14 December 2016 – El País
The construction of new homes is going to continue to increase over the next three years to reach 150,000 units per annum. The activity will centre on Madrid, Málaga, Barcelona, País Vasco and the Balearic Islands, the provinces with the highest residential forecasts going into 2017, according to the annual Trends in the Residential Market in Spain report, compiled by the real estate consultancy firm Knight Frank. Over the next three years, new builds will gain ground to account for 30% of all sales, compared with second-hand homes, which will account for 70%. Currently, just 10% of sales involve new builds and there are only 11 units available for every 1,000 inhabitants. Moreover, the supply of new homes coming onto the market is getting completely absorbed, which means that no new home stock is being generated.
There will also be changes in terms of the type of new homes. Whilst in recent years, homes with three or more bedrooms have been the most demanded, the consultancy firm forecasts that homes with two or fewer bedrooms will start to lead the ranking once again. According to Ernesto Tarazona, Managing Partner for Residential and Land at Knight Frank, “the macro data supports this change in trend. We have fewer inhabitants and yet the number of households is growing. In other words, we have more households with fewer members; in Spain, 25% of households comprise one person and 30% comprise two people”.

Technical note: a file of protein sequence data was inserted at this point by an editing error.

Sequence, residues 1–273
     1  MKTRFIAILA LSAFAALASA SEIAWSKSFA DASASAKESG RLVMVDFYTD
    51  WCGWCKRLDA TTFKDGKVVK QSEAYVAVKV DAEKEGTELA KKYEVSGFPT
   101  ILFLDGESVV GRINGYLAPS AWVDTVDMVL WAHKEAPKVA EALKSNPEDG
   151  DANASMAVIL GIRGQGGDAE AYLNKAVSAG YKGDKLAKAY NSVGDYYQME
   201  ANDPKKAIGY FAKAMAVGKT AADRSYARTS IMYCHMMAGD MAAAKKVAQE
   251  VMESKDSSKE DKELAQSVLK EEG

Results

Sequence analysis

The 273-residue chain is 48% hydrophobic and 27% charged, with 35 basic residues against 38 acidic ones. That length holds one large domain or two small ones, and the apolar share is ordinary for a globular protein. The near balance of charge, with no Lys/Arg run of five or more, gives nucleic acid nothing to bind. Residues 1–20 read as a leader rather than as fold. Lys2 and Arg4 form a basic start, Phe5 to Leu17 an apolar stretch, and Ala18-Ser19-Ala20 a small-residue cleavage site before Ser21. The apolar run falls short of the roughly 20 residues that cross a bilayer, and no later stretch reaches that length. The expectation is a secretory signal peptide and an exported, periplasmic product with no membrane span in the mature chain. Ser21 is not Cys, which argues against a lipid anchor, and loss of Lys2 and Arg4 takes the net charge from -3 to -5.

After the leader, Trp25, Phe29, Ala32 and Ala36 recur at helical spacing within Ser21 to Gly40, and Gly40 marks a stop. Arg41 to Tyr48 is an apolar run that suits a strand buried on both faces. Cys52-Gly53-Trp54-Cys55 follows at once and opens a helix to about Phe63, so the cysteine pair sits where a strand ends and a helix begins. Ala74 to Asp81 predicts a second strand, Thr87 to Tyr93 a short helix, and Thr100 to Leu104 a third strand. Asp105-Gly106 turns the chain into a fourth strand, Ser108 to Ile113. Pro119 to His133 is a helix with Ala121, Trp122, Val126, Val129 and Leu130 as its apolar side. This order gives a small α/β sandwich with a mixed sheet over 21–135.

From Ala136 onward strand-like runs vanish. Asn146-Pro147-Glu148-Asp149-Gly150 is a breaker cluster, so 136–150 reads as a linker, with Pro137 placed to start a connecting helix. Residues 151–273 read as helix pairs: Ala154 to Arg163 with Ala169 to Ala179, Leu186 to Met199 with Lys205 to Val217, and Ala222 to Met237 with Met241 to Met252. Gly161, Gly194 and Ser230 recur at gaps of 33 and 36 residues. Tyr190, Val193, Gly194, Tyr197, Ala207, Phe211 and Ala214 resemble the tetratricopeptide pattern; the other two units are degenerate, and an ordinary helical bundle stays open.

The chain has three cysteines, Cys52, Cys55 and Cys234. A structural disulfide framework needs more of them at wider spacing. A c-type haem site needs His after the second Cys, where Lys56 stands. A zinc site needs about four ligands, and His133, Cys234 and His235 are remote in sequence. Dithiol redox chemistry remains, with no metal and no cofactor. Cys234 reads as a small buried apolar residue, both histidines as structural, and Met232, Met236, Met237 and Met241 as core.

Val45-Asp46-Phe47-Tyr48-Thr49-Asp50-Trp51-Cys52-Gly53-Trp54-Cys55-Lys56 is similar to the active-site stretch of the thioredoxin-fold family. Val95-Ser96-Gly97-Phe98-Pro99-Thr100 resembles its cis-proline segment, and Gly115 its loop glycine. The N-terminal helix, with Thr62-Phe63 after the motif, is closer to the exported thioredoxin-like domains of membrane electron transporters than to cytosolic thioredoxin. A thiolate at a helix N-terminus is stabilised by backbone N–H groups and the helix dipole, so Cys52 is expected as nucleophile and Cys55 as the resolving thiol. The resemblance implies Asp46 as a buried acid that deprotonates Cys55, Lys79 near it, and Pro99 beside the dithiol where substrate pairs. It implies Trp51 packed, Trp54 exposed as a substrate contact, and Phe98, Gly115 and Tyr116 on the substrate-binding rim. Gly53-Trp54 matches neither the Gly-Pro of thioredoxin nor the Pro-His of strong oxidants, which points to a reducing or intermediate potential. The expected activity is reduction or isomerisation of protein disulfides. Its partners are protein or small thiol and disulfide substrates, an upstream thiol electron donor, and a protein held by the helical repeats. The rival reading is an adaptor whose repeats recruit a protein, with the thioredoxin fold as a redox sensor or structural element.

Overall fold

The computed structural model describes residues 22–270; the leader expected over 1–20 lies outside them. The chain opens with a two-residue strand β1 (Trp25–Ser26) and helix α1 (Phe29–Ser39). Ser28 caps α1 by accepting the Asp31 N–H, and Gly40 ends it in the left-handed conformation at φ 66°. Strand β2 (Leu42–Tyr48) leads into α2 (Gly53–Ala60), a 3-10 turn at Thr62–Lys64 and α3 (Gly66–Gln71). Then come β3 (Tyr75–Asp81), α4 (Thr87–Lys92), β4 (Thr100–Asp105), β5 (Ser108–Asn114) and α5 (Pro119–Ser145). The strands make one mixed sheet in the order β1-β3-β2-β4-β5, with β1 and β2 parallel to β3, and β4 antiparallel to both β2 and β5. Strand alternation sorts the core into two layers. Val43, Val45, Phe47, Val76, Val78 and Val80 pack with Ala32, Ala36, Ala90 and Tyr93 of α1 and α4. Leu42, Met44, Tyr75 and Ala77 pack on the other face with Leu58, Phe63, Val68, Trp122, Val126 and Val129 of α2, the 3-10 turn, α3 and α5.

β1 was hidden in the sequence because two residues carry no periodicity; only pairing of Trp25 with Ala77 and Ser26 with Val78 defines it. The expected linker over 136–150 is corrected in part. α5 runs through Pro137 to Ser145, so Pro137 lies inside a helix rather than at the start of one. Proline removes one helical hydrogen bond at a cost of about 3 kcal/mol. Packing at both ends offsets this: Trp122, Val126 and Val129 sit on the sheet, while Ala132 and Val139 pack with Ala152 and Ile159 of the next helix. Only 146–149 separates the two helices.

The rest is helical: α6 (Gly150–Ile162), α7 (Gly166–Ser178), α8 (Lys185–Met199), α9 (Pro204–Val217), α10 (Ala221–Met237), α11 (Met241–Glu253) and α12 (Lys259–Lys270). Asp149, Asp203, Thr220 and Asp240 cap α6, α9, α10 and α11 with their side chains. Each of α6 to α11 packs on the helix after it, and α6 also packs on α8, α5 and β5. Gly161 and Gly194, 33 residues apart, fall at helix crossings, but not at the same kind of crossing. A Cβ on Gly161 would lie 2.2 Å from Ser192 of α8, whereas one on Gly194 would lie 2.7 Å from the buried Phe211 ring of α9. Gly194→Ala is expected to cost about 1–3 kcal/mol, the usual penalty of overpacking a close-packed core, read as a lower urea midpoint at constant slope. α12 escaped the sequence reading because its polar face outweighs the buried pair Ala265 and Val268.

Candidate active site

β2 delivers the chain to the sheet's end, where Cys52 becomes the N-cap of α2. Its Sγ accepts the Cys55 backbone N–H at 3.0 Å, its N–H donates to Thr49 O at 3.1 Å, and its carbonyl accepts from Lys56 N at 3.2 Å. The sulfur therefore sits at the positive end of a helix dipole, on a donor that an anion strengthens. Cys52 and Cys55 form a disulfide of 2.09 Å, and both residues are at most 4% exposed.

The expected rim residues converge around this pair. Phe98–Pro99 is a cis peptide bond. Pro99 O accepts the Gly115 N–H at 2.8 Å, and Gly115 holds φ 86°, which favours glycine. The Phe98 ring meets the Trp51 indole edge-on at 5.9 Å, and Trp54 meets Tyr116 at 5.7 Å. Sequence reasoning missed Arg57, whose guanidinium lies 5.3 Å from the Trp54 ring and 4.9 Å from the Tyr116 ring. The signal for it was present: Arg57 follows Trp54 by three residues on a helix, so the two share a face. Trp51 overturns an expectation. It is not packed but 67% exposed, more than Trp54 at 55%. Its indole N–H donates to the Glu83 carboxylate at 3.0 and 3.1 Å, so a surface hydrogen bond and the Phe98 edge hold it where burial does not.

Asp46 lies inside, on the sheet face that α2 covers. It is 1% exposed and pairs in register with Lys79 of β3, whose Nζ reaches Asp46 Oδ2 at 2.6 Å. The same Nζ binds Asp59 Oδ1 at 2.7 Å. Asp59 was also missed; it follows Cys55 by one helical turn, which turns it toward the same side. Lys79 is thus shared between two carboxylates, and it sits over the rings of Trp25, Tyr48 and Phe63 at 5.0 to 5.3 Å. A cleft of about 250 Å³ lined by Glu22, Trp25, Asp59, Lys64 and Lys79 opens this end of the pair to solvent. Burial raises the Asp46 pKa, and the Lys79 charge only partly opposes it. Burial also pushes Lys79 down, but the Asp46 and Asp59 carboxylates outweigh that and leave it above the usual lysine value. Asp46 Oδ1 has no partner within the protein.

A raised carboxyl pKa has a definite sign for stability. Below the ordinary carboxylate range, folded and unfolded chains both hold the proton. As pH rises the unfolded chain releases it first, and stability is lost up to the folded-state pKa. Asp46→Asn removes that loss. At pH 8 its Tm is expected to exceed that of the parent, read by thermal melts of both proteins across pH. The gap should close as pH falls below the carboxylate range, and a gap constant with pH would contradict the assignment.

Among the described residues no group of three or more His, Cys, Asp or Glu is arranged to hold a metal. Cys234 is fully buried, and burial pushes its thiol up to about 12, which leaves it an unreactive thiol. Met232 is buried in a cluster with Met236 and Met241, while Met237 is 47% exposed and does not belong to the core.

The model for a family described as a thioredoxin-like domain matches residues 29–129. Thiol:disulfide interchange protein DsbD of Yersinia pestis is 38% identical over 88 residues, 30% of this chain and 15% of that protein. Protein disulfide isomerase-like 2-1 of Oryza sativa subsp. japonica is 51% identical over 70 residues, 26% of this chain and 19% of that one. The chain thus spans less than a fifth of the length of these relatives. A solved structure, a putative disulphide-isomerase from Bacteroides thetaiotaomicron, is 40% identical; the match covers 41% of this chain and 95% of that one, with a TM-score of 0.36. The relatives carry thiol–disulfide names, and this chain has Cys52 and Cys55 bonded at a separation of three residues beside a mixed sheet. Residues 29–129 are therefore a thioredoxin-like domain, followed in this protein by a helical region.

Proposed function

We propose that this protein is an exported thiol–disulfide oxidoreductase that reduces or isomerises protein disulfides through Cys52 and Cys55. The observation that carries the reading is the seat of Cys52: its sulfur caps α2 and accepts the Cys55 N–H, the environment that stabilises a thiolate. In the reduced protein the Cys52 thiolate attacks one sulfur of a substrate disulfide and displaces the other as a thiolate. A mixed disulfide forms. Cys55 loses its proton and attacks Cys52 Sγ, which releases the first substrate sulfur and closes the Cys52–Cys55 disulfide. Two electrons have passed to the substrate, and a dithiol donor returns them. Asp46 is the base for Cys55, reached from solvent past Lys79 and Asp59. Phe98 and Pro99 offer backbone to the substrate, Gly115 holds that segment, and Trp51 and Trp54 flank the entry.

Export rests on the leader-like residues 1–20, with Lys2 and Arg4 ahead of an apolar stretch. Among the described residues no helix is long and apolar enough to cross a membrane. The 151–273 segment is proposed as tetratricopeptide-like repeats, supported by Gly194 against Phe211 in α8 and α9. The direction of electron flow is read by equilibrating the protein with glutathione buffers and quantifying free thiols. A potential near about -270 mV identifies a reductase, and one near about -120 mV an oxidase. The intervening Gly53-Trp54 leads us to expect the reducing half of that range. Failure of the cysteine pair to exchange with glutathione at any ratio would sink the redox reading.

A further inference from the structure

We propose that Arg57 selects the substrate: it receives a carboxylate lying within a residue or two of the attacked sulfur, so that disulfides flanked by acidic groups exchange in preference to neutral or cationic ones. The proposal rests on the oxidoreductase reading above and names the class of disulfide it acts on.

Whilst the number of transactions involving second-hand homes is increasing in every autonomous community, the number of operations involving new builds is only growing in those regions with the greatest economic pull: over the last year, new build sales have grown by 40% in Madrid, by 18% in the Balearic Islands, by 5% in Barcelona and by 20% in País Vasco.
In terms of prices, Spain registered a change in trend in 2014 and since then prices have increased by 3% on average. The lack of new developments has meant that new build homes have retained their value and have an average price of €1,750/m2, whilst second-hand homes cost around €1,500/m2. The provinces with the highest average prices (both for new build and second-hand properties) are Guipúzcoa, Vizcaya and Madrid.
The housing stock has been absorbed over the last three years, at an average rate of 20,000 new homes per year. Knight Frank calculates that just 2% of the total housing stock in Spain corresponds to new builds. Nevertheless, approximately 30% will be hard to sell due to location and conditions. (…).
The consultancy points out that the change in trend in the residential sector in Spain is already happening. “All of the segments (supply, demand, land and investment) bottomed out at the end of 2013 and started the road to recovery in 2014. This recovery was very slight in 2014 and 2015, but during 2016, the main indicators have experienced stable growth, and they have potential for improvement. As such, we are facing a new cycle of expansion in the residential sector”.
Original story: El País (by S.L.L.)
Translation: Carmel Drake